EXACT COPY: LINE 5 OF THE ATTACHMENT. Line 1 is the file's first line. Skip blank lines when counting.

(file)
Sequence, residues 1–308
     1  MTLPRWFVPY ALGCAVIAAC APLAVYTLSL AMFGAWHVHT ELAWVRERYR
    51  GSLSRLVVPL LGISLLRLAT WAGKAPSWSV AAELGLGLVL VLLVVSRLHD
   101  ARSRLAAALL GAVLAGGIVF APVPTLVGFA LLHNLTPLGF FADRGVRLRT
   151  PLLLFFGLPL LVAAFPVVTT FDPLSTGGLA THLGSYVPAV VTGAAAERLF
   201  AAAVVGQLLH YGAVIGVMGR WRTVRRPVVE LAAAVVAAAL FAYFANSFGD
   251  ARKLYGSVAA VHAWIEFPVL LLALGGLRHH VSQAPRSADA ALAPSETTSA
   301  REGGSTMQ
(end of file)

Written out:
   151  PLLLFFGLPL LVAAFPVVTT FDPLSTGGLA THLGSYVPAV VTGAAAERLF